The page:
money, bankingExplain why bank’s holdings of cash have increased significantly as a portion of their balance sheets in recent times.

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belarafon's profile pic

belarafon | High School Teacher | (Level 2) Educator Emeritus

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Cash holding is also a hedge against "runs" on banks; when people lose faith in the system, they often try to take out as much money as possible before the bank collapses. By holding large amounts of cash, the bank is able to calm the public with the implicit knowledge that everyone will be able to get their money in case of emergencies or disasters.

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accessteacher | High School Teacher | (Level 3) Distinguished Educator

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This is a deliberate policy of banks in order to make sure that they manage risk effectively. If cash makes up more of their balance sheet it is because they are making less loans and holding more in reserve in case those who have taken loans from the bank default. It is a deliberate move towards a more cautious financial strategy.

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vangoghfan | College Teacher | (Level 2) Educator Emeritus

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As I understand it, the main reason is that they are worried about lending, having made so many bad lending decisions in the recent past. It is safer and easier to sit on cash than to loan it and run the risk of losing it. In "normal" economic times, it might be more profitable to loan cash than to sit on it, but these, unfortunately, are not "normal" economic times.

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Karen P.L. Hardison | College Teacher | eNotes Employee

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The Federal Reserve Bank of New York has argued that the reason for increased bank reserves of cash is directly related to the "size" of the Federal Reserves' lending initiatives. The Fed has a current policy encouraging lending and spending, witnessed by the dominance of lower interest rates. Some suggest the policy is ineffective in generating lending. The Federal Reserve Bank of New York contends the contrary suggesting that the Fed has imitated such a large stimulus that it has accumulated as banking institution cash reserves. This indicates consumers are not borrowing and that institutions will have ample supplies when the economy stabilizes and consumers (business and individuals) start borrowing again.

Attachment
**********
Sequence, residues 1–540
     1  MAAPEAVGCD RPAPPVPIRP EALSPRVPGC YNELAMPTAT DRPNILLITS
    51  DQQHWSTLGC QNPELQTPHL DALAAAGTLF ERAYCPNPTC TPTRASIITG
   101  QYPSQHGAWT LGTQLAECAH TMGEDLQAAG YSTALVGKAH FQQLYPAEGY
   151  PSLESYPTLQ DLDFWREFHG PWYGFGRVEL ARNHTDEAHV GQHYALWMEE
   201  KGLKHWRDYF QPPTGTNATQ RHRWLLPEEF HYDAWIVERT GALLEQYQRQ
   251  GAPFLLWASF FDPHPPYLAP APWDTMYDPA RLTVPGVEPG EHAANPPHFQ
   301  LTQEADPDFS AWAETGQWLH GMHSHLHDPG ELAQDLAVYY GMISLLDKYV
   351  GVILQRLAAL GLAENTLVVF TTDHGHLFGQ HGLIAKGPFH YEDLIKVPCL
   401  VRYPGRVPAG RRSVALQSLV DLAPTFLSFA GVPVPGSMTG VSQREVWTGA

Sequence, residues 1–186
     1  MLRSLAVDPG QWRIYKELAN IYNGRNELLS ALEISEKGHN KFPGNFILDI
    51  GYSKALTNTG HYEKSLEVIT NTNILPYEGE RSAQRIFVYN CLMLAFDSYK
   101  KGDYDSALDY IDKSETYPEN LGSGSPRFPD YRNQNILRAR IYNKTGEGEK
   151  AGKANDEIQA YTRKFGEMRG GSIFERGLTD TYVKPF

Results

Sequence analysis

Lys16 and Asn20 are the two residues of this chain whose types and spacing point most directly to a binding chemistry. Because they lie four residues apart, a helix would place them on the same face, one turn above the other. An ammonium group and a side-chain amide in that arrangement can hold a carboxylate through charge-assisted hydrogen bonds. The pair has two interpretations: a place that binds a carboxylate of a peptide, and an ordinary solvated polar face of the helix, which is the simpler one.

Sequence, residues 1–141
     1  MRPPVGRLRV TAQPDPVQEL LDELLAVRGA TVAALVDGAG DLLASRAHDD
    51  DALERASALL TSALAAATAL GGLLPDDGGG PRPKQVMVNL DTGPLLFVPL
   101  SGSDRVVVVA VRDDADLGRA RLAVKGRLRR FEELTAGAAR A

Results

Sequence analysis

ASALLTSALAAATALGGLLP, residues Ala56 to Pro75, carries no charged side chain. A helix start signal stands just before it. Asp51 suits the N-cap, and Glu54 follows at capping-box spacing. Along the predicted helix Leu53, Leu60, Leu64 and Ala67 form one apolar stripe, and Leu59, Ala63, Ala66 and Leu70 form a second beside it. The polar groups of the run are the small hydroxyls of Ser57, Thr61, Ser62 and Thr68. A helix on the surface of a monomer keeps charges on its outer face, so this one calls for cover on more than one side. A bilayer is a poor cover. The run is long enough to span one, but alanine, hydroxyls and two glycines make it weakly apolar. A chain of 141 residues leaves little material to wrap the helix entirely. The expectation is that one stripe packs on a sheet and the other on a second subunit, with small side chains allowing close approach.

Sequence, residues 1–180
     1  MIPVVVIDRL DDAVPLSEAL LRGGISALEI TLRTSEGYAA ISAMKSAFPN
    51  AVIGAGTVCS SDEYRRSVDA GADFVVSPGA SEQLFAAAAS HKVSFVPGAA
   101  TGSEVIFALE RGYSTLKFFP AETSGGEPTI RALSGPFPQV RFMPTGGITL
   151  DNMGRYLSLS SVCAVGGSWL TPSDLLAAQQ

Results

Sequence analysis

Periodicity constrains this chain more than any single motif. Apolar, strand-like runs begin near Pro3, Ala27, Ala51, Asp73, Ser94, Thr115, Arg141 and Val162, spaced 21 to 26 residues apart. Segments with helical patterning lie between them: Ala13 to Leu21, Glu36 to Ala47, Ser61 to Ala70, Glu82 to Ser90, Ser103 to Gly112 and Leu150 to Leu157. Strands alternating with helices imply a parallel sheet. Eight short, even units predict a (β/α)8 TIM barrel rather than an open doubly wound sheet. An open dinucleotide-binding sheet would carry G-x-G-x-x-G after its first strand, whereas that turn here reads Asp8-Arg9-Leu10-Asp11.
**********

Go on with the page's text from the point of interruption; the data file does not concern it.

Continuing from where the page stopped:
http://www.newyorkfed.org/research/staff_reports/sr380.pdf

rrteacher's profile pic

rrteacher | College Teacher | (Level 2) Educator Emeritus

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The above answers are all correct, and they all point to uncertainty or even pessimism about the economic future. This is one reason why credit remains fairly tight, even though interest rates from the Fed remain very low.

litteacher8's profile pic

litteacher8 | High School Teacher | (Level 3) Distinguished Educator

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The economy is in bad shape. The stock market downturn frankly scared a lot of people. Organizations react much as people do. They get nervous and start holding on to as much cash as possible. This is true of banks as well as corporations, and more so for banks because they might worry about a run on cash withdrawals.
readerofbooks's profile pic

readerofbooks | College Teacher | (Level 2) Educator Emeritus

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There are three reasons for this. First, banks made so many bad loans in the past that they need to keep money in reserve for defaults. We will still have home foreclosures and other hardships that will come up in the future. Second, there is a public outcry that banks have lent too much money in a predatory way. Hence, there is social pressure. Third, the government conducted "stress tests" on our banks and hence there is some political pressure for banks to hold some money in reserve.

pohnpei397's profile pic

pohnpei397 | College Teacher | (Level 3) Distinguished Educator

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The most likely reason for this is that banks are worried about lending in poor economic times.  Banks may fear that loans they make will not be paid back and so they decide not to lend.  When this happens, cash makes up a bigger portion of their balance sheets.

ranger1980's profile pic

ranger1980 | Student, Undergraduate | (Level 1) Valedictorian

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There are three reasons for this. First, banks made so many bad loans in the past that they need to keep money in reserve for defaults. We will still have home foreclosures and other hardships that will come up in the future. Second, there is a public outcry that banks have lent too much money in a predatory way. Hence, there is social pressure. Third, the government conducted "stress tests" on our banks and hence there is some political pressure for banks to hold some money in reserve.

you really made a interest point. I look up at the book and that is the correct answer the only thing that I don't I inderstand is the second reason i thought it was "vault cash"  

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